building demolition dynamite

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Demolition, also known as razing, cartage, and wrecking is the science and engineering in safely and efficiently tearing down of buildings and other artificial structures. Demolition contrasts with deconstruction, which involves taking a building apart while carefully preserving valuable elements for reuse purposes.

For small buildings, such as houses, that are only two or three stories high, demolition is a rather simple process. The building is pulled down either manually or mechanically using large hydraulic equipment: elevated work platforms, cranes, excavators or bulldozers. Larger buildings may require the use of a wrecking ball, a heavy weight on a cable that is swung by a crane into the side of the buildings. Wrecking balls are especially effective against masonry, but are less easily controlled and often less efficient than other methods. Newer methods may use rotational hydraulic shears and silenced rock-breakers attached to excavators to cut or break through wood, steel, and concrete. The use of shears is especially common when flame cutting would be dangerous.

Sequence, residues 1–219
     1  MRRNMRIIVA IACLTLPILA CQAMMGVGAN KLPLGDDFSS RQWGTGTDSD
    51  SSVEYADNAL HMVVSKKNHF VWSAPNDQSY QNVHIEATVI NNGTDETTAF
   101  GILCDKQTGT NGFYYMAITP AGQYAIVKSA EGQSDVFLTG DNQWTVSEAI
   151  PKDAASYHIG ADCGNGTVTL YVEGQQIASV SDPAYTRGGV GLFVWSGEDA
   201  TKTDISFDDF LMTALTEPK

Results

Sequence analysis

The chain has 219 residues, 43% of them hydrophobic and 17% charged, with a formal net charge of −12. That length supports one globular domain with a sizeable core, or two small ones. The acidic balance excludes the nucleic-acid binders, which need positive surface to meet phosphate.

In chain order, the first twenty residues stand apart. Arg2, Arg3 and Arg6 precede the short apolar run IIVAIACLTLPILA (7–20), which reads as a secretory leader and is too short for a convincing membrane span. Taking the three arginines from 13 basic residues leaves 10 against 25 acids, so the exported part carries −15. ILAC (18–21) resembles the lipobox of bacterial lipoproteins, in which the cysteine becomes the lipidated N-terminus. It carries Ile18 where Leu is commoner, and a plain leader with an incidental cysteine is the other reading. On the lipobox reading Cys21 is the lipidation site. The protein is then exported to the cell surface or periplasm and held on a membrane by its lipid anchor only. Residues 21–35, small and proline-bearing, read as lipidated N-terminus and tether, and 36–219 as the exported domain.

The tallest planned demolition of a building was the 47-storey Singer Building in New York City, which was built in 1908 and torn down in 1967–1968 to be replaced by One Liberty Plaza. The even taller 270 Park Avenue is now in the process of demolition.[1]